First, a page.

Sunday, March 25, 2012

So...

A man walks into a book.

My book, actually. Last time it happened, it was about thirty four, thirty five books ago, and the man's name was Lijah Cuu.

I've told this story at con panels and in interviews SEVERAL times before, so I'll excuse the stifled yawns at the back. For those who haven't heard it, I'll keep the facts brief: it was writing the fourth Gaunt novel ("Honour Guard") and it was nearly done, and my computer died, ingesting the MS in its violent death throes. That was the day I learned to back up.

Not wishing to miss the print deadline, I had to rewrite the book from scratch, from memory, in a month. And I did. It should have been a disaster, but it wasn't: somehow, writing it from the memory of the first draft freed me up. It was as though it was a performance I'd rehearsed. The month went by in a blur: I was producing words at a frenzied rate, a white heat of creativity. I wasn't even thinking about it - it was almost an automatic writing exercise.

Anyway, the end product - the published version - was much better than the first. In fact, it's amongst my fave Gaunt books. It was also different to the first, lost draft. New characters had appeared in it, even though I had been diligently following the same plot outline. Maybe the spontaneous new characters and side-plots were part of an unconscious effort on my part to keep the rewrite fresh. All I know is, when these new characters turned up, they came as I surprise. I hadn't invited them. They'd just barged their way into the book, and refused to leave. I was under too much pressure to argue with them, and write them back out again, so I left them alone.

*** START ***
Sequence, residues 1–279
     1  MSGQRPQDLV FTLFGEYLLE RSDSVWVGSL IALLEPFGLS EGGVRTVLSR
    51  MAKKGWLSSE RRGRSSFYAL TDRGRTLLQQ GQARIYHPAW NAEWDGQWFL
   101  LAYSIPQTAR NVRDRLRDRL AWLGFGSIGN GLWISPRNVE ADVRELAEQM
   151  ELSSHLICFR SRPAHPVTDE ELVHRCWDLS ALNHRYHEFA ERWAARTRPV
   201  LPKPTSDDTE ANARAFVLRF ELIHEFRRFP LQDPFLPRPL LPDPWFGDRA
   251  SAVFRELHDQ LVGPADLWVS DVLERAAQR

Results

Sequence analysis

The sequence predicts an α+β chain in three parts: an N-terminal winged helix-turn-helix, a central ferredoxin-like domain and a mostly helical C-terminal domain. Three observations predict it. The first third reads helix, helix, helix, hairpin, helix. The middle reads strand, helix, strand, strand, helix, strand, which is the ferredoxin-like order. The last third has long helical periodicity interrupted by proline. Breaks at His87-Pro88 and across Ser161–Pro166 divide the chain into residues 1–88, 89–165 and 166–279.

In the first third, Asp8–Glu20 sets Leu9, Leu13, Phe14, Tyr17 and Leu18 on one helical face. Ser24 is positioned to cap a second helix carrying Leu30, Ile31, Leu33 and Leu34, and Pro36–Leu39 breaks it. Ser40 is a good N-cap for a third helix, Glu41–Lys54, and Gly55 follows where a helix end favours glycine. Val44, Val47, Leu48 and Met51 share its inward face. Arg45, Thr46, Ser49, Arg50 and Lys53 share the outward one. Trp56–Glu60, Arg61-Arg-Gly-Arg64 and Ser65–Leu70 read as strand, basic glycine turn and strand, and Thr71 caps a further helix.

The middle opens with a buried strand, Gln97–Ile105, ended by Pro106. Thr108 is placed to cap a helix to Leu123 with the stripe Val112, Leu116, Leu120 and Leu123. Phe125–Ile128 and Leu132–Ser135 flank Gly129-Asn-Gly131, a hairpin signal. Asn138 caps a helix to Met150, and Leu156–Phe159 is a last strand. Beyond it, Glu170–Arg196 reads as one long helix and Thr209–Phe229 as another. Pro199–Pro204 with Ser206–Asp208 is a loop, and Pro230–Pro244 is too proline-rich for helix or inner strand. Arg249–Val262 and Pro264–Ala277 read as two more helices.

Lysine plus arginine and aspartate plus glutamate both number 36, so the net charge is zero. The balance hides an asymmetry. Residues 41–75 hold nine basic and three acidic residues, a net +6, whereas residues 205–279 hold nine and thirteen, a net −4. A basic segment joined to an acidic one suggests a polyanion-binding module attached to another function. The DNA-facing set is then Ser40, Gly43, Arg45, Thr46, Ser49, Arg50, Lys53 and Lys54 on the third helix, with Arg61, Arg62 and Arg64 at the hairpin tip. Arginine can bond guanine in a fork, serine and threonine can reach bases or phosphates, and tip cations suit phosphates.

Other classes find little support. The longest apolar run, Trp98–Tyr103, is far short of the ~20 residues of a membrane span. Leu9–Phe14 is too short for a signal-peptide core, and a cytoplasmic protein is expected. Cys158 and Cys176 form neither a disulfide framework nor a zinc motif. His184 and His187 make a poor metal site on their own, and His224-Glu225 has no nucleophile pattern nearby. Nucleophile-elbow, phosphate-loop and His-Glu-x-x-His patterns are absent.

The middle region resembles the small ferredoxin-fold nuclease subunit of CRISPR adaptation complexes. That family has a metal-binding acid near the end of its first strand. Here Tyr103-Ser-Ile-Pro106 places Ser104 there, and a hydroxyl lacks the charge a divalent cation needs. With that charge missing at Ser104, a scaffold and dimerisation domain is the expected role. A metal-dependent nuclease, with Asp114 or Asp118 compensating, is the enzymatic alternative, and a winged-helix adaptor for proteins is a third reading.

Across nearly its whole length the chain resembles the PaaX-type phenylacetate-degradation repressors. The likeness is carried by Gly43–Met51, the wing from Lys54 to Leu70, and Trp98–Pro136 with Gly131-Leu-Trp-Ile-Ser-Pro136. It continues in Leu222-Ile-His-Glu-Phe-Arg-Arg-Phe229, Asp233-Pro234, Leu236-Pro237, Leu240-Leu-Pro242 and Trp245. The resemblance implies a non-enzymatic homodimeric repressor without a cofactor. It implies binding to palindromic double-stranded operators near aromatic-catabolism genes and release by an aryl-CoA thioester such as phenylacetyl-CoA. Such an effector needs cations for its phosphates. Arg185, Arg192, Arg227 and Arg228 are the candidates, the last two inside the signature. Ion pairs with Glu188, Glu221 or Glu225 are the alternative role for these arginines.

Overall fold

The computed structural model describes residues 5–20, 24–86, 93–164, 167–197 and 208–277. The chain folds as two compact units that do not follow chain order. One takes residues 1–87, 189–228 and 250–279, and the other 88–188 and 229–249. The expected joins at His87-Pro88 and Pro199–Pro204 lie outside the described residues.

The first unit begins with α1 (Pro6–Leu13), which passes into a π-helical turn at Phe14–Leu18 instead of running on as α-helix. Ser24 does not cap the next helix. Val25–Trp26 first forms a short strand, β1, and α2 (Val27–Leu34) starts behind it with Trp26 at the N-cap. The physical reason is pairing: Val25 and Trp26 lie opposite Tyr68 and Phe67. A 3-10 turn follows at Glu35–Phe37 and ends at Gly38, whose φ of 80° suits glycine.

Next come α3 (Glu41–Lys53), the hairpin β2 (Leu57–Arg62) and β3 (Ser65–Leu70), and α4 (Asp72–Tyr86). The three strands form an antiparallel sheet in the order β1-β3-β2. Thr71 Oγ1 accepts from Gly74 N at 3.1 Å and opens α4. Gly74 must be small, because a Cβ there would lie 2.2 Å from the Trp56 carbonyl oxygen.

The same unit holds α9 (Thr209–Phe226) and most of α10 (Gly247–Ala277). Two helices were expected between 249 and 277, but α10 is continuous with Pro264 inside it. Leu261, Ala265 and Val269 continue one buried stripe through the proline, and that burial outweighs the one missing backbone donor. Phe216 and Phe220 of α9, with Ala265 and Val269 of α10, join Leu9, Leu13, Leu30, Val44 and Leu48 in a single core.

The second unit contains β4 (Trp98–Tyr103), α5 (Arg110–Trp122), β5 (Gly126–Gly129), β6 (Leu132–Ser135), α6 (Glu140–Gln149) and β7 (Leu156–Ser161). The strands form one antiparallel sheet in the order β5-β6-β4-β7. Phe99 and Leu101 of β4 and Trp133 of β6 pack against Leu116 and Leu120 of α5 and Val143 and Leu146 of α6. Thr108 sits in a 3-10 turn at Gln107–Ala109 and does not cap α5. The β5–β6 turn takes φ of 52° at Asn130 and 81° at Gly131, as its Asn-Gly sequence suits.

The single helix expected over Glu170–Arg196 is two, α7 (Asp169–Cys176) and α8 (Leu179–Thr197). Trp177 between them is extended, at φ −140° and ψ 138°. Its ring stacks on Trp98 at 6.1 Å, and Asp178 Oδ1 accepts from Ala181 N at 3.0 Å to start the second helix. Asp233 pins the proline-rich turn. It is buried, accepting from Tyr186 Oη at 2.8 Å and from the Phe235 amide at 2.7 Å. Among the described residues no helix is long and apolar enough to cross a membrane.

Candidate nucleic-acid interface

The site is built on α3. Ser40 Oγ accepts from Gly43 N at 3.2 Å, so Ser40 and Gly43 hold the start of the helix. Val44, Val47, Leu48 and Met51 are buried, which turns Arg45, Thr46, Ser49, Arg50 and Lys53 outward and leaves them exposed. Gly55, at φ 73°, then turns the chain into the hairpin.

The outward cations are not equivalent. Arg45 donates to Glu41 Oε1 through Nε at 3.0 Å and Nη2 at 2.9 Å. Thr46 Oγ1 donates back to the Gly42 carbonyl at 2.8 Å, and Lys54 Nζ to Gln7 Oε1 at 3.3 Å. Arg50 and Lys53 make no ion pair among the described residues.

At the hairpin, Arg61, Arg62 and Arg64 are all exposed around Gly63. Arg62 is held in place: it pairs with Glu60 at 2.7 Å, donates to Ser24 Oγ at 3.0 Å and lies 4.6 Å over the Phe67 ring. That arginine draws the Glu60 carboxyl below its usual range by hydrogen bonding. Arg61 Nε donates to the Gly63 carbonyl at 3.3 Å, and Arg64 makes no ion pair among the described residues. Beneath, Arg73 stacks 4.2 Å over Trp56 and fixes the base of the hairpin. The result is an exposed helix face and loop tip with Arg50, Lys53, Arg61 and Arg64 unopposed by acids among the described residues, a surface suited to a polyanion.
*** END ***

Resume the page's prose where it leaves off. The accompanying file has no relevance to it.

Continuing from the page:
One of them was Lijah Cuu. For Gaunt aficionados, the notion that Cuu appeared by accident seems unlikely. He's such a major character, and continues to be the point man for a major plot line for the next few books. He also [does several notorious things that I won't mention as spoilers]. How could I have.... improvised him?